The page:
I have never encountered anyone who complains over receiving too few e‑mails or someone who was unhappy due to e‑mails being too short or too concrete.
And very few organizations or companies tell me the communication occurring through CC:-ing is at a reasonable level.
And yet we still choose e‑mails before other forms of communication when we could make a different choice several times a day.
And it’s no wonder.
E‑mailing is efficient since it enables you to deliver a message to someone who is not available at the precise moment we wish to convey it, and do so faster than by regular mail.
It is much more convenient to send a link than try to put a URL into words over the phone. The e‑mail is also much easier to store for future reference than the spoken word.
The inbox – a jungle
But in many of the organizations and companies I encounter in my work, the e‑mailing-culture has gotten way out of line, and e‑mailing has gone from being a helpful tool to being a source of severe frustration.
The car is also a terrific and flexible tool, only it is intended to aid us in something entirely different – to transport ourselves.
But, you aren’t entitled to put the pedal to the metal just because you have bought a car, and drive according to your own preferences. We have agreed to follow certain rules to make traffic safe for everyone.
Just as we regulate traffic by rules to make it function smoothly, we can define guidelines regarding how to use the phenomenal tool which the e‑mail constitutes in order to make the e‑mail-traffic within the company more functional; in other words, we can create an e‑mailing policy.
If we do this, and agree upon how to e‑mail each other (at least within the company), we make it possible for the tool to become truly functional again.
By creating constructive rules we can receive fewer e‑mails without receiving less information. We can have more time over for the truly important matters since we needn’t waste energy on hesitating, asking complementary questions or misunderstanding each other, since the e‑mails are more concrete and clear now.
Create an e‑mail policy.
- Meaning, agree on what you need to do in order to make e‑mailing an efficient tool in your particular organization. If you are self-employed you can still create your own policy, make sure to follow it and feel pleased when you notice how your e‑mailing etiquette is infectious as others begin to mimic your method.
- A good way to get started in the construction of your policy is to narrow down what needs to be regulated in your organization. I have listed the most recurring rules I have encountered in the organizations I have worked with:
- Expected time to respond to an e‑mail
- Which e‑mails that have the highest priority
- Try to call first, and then send an e‑mail?
- What type of information you never send by e‑mail (due to confidentiality, for instance)
- Link to files or attach them?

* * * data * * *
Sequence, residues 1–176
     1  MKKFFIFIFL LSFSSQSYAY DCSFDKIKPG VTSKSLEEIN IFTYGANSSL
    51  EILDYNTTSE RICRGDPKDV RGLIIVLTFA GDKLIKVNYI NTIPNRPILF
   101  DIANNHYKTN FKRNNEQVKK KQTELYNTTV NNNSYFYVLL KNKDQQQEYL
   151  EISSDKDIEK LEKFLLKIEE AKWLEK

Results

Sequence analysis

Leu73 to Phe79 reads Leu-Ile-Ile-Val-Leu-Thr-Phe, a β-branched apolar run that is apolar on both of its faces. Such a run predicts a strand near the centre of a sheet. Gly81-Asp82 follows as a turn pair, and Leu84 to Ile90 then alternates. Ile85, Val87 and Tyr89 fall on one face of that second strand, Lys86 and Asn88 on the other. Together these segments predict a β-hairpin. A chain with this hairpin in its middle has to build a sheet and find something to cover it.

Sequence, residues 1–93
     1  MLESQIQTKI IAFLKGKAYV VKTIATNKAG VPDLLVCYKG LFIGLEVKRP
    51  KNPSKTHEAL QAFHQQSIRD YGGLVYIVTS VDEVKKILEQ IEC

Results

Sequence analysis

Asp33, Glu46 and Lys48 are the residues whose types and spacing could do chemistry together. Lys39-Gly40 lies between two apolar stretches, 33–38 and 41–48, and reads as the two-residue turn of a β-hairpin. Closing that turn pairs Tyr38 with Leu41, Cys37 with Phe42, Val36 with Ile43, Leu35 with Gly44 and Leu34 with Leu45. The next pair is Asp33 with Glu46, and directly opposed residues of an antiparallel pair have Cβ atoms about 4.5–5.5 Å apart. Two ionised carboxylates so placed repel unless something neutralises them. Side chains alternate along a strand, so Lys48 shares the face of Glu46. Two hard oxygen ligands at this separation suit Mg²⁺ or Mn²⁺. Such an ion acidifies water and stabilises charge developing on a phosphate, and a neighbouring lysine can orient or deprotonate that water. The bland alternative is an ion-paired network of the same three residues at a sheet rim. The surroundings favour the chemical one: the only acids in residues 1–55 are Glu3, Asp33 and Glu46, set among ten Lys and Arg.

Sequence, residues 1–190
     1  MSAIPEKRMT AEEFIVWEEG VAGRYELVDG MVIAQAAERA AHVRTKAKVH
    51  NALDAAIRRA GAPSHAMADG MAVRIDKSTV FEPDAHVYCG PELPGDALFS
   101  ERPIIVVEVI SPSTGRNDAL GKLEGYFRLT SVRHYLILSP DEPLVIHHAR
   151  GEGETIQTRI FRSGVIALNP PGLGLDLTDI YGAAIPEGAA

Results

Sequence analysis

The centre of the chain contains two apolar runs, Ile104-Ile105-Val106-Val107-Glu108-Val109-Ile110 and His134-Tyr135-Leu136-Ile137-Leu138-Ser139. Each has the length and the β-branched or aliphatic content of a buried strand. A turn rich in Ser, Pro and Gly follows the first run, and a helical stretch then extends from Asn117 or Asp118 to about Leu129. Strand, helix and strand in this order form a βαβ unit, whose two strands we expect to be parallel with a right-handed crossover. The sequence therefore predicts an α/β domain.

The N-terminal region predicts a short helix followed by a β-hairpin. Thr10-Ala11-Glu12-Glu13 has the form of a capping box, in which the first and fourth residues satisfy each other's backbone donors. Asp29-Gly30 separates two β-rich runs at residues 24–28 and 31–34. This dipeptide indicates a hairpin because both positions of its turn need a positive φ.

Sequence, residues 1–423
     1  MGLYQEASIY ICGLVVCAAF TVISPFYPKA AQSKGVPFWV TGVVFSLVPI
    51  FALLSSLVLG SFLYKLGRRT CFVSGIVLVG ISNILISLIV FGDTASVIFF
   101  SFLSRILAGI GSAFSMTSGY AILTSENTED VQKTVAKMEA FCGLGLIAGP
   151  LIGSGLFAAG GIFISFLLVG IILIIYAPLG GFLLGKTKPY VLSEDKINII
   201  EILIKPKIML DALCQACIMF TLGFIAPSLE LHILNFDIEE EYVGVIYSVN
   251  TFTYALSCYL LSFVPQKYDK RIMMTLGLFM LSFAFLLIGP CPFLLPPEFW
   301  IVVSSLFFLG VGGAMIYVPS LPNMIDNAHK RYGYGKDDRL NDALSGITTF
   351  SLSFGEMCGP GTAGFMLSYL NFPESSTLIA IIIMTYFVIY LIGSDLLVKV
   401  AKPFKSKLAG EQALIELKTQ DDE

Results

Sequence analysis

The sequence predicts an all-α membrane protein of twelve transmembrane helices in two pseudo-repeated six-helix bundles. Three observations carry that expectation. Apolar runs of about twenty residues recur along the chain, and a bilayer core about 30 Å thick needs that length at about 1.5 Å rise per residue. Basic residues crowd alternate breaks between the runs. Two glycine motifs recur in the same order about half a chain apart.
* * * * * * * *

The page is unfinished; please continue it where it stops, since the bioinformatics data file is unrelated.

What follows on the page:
- Change the subject-line if the subject of the e‑mail changes?
- What the signature should contain
- The appropriate length of e‑mails
- How should you organize tasks and questions? By 1,2,3… and so on?
- Appropriate greeting- and closing-phrases
- One subject per e‑mail or several?
- If it is important to have a clear heading and subject-line for each e‑mail or not
- When to send CC:-mail…
- …and when to use BCC:
- When to forward…
- …and how to approach a FWD: you received
- If it is OK to subscribe to
- Is it OK to send personal e‑mails using the office e‑mail?
- How to act if you should receive an offensive/racist/sexist e‑mail
- How to handle a conflict you get into with someone via e‑mail. Do you keep arguing via e‑mail, do you pick up the phone or should you arrange a meeting to discuss the matter?
- Should you start a long e‑mail with a short summary?
- What to do when the subject-line begins with Re: Re: Re: Fwd: RE: RE:.
- You are fortunate if you are in an executive position of some kind since you have the mandate to push for this matter by yourself. But if you aren’t you can bring this matter onto the agenda in any natural forum for discussion existing in your organization. Highlight whatever issues you are experiencing concerned with e‑mailing in your company, and make it clear how things would be different if you had better guidelines to adhere to.
- In order for you to never feel as if the policy is just another set of rules you have to follow “because the boss said so”, make it vividly clear what the concrete and positive consequences of adhering to every rule will be. After each rule you could write “, since…” followed by a description of the positive effects it will have. For instance, “Whenever you e‑mail, be brief, since this will enable the receiver to handle the e‑mail faster and hence be able to send you a reply faster as well.”
Cooperation is key
If you agree upon what to consider when e‑mailing, you can all rely on these guidelines in a positive manner in your daily work. Instead of feeling unsure of how quickly a reply is expected of you, you can rely on what you have discussed and act in accordance to that.
Even if not everybody will adhere to the new set of rules all of the time, the part of your work conducted through e‑mails will become easier and smoother since more e‑mails will be shorter, fewer will be sent as a CC:, a greater quantity will have descriptive subject-lines, and so on.
Since we spend such a large portion of our time “in our inbox”, wouldn’t you also agree that making this part of our work more structured is well worth the effort?
How would you do it?
What e‑mailing-rule could you really use at your office? Leave a comment to let me and other readers know.